Director    Robert Zemeckis
Starring    Brad Pitt, Marion Cotillard, Jared Harris, August Diehl, Matthew Goode
Release    23 NOV (US) 25 NOV (UK)    Certificate 15
3 stars

Ed Williamson

21st November 2016

Brad Pitt, I have decided, is too handsome. My reaction to more or less anything he does on screen these days is instinctively: "Yeah, but this character wouldn't look like that. No one does." In Allied, which is fine and all that but a bit daft, he marries Marion Cotillard while looking amazing then grows suspicious she is a spy while looking amazing, and I can't shake the feeling that all of this looking amazing is part of a comfort zone out of which he's unprepared to step.

If you take the idea that acting is about the representation of truth, then part of that truth must be that there are times we don't look our best. Given that films tend to be about stressful events in the characters' lives, you'd assume that quite a few of those times would be shown on screen. I don't know why, but this makes me think of this scene in Jersey Girl.

Now, Ben Affleck is a great-looking bloke and presumably knows it. But in this scene in particular he looks an utter berk, and he's prepared to, because he knows that men just presented with the news that they are to become a father might be so overjoyed that they'd pull a facial expression that makes them look an utter berk.

Brad Pitt wouldn't. He'd grin a bit, then maybe look wistfully into the middle distance and narrow his eyes enigmatically. He's like one of those people you see doing the same pose over and over on Facebook, because they've figured out it's the most reliable one for making them look good in photos.

Once you think of him this way, watch what he does: parachutes serenely into Morocco without a hair out of place, strides confidently into a bar in Casablanca and finds Cotillard, his undercover wife, an agent for the French resistance with whom he's about to get into the killin'-Nazi business. They fall in love and head for a quieter life in Hampstead, where his superiors tell him she's a spy for ze Germans. And there are definite high points in this, like the detailed production design; Cotillard's performance, which throws in just enough intrigue and misdirection to keep you guessing; and Jared Harris as the sort of enjoyably peppery old colonel he can do in his sleep.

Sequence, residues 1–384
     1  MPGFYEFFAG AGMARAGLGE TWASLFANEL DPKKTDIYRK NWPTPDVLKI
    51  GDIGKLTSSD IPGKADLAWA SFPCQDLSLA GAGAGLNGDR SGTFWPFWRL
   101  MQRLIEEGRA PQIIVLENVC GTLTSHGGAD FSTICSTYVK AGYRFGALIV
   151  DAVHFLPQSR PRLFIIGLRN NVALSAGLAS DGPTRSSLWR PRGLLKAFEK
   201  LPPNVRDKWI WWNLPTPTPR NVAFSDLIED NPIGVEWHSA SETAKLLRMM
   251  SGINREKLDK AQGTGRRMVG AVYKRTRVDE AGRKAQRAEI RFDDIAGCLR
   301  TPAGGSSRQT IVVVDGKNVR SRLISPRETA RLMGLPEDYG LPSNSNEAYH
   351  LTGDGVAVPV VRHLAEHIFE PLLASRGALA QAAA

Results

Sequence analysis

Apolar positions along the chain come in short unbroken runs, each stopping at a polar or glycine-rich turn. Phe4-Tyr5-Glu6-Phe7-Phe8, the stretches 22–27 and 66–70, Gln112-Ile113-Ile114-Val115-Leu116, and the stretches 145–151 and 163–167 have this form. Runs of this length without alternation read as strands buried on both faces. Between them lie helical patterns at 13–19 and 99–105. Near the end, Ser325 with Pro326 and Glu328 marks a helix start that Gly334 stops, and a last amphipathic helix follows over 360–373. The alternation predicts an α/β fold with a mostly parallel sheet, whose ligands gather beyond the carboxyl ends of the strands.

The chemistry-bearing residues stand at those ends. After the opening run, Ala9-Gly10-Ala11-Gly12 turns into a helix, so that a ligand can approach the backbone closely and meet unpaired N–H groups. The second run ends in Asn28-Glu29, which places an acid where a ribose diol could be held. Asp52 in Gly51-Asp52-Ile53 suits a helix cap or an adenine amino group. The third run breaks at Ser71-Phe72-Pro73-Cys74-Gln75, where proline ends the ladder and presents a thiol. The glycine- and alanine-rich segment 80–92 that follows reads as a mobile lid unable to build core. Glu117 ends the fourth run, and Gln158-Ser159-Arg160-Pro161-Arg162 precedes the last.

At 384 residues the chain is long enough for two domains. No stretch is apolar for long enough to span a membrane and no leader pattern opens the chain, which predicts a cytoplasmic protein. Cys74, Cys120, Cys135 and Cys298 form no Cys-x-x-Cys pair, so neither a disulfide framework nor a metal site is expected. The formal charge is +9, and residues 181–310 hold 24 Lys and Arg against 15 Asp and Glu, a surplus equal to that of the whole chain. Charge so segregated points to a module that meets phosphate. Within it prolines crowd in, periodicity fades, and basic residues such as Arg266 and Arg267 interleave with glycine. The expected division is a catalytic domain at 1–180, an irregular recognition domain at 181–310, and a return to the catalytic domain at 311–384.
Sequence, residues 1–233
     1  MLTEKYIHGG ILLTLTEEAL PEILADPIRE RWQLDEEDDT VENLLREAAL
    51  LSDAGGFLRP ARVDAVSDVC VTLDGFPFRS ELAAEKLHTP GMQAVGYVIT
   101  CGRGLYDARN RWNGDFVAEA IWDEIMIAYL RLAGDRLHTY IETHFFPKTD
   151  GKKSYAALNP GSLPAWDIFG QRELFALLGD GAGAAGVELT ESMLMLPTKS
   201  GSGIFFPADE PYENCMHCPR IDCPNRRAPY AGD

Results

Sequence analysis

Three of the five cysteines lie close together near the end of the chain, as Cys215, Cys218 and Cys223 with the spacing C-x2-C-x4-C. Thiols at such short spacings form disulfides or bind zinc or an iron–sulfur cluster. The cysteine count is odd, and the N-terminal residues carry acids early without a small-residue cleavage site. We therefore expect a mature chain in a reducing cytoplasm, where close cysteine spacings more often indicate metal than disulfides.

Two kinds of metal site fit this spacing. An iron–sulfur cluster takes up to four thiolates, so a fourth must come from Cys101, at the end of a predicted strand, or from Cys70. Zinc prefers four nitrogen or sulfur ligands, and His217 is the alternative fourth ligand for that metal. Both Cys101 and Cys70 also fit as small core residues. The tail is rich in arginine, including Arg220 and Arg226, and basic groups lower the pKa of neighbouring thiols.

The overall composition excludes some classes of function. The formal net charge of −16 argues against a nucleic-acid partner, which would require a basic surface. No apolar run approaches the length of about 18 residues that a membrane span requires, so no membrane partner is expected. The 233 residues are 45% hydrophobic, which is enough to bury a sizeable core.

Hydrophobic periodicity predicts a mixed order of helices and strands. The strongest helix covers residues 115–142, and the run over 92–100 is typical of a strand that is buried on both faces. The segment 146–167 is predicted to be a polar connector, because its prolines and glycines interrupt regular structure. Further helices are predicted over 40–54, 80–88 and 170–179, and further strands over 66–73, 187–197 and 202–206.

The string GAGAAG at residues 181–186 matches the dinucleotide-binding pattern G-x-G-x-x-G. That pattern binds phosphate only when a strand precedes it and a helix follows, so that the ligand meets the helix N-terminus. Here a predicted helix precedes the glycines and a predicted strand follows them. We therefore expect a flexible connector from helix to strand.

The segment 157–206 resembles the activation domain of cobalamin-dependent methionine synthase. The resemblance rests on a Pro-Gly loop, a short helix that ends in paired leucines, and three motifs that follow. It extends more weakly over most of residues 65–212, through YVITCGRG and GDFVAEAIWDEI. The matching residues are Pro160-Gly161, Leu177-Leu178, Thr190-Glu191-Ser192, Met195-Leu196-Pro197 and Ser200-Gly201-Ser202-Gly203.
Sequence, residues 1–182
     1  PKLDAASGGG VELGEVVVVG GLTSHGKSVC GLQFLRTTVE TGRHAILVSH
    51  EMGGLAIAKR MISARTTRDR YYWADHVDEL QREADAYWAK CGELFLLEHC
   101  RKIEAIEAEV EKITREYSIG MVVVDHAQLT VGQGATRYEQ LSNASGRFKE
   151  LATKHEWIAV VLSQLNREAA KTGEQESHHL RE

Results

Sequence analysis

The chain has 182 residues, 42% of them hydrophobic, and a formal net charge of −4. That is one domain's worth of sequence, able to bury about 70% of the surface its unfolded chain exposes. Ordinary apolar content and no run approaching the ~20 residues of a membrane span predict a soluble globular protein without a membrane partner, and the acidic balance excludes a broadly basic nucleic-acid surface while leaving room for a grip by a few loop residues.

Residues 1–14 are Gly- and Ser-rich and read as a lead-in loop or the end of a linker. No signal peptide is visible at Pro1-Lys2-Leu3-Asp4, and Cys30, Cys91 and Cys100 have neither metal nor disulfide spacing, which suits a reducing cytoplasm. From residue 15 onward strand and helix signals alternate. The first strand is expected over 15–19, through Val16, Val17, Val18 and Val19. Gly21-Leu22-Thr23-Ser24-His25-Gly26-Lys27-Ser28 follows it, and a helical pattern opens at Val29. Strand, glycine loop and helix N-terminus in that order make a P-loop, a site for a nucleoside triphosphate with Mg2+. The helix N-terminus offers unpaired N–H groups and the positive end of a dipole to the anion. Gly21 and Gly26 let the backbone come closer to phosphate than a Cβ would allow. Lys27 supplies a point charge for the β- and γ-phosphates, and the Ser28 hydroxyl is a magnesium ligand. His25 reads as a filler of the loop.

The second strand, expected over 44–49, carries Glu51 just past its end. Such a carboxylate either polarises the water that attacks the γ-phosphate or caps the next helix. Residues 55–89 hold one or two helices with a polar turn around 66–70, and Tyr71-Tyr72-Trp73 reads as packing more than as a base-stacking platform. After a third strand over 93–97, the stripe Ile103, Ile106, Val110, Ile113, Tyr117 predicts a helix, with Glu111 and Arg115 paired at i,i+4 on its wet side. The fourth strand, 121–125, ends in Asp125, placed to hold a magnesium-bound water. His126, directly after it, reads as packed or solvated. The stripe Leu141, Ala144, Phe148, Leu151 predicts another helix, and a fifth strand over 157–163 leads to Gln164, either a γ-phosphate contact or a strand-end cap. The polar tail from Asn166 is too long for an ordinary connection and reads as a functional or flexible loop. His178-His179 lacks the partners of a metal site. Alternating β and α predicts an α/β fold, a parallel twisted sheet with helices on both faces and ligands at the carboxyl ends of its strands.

But there are problems, too, like a mish-mash of tones that can see a sentimentally Zemeckian gush of Cast Away-like strings as the pair kiss or cradle their child one minute, then a head explode in a gunfight the next. And like the oddly profligate decision to hire an actor as good as Lizzy Caplan to be Brad's sister in two or three scenes which offer no side-plot. Why she, also a Canadian, is conveniently living round the corner in London is unexplained. All her character does, in fact, is distract you by making you wonder how realistic it is that she's openly in a same-sex relationship in 1940s London at which no one bats an eyelid. And like Pitt's accent when speaking French, which is bad enough that they should've made more of a joke out of it.

"Any last words, Nazi? No, no, about my coat. What do you think, collar up, collar down?"

Pitt has now done a pretty full spread of World War Two films within a short space of time: stylised and (brilliantly) comedic in Inglourious Basterds, brutal in Fury and now more syrupy here. (Allied is intended as more of a suspense thriller, I suppose, but tension, while not absent, is not its defining feature.) Trouble is, Brad's not that well equipped to do syrupy, because he is not a particularly expressive actor – at least not any more – and so Robert Zemeckis's constant close-ups of his lovely mug have a dampening effect.

He could try a bit harder, or maybe he's just content to settle into some easier roles for a few years, which is fair enough. As a male A-lister he has the luxury of reliably regular starring roles while he gets older and a bit less easily saleable. As a man who never coasted early in his career when he could've got away with it, he now seems to me more a movie star than a movie actor, and too often the point of him is to be on the poster rather than in the film.

What I'm saying is, I really wish I looked like Brad Pitt.

Follow us on Twitter @The_Shiznit for more fun features, film reviews and occasional commentary on what the best type of crisps are.
We are using Patreon to cover our hosting fees. So please consider chucking a few digital pennies our way by clicking on this link. Thanks!

Share This